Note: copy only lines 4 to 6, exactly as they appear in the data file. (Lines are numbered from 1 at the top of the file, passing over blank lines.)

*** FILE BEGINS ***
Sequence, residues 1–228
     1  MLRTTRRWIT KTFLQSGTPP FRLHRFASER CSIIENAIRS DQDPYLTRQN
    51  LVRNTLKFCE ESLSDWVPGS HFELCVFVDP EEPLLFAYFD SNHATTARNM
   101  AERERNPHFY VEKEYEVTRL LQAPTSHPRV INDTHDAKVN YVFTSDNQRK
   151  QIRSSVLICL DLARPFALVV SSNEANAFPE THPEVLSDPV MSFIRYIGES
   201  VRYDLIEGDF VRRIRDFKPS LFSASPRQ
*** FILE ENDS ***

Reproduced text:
   101  AERERNPHFY VEKEYEVTRL LQAPTSHPRV INDTHDAKVN YVFTSDNQRK
   151  QIRSSVLICL DLARPFALVV SSNEANAFPE THPEVLSDPV MSFIRYIGES
   201  VRYDLIEGDF VRRIRDFKPS LFSASPRQ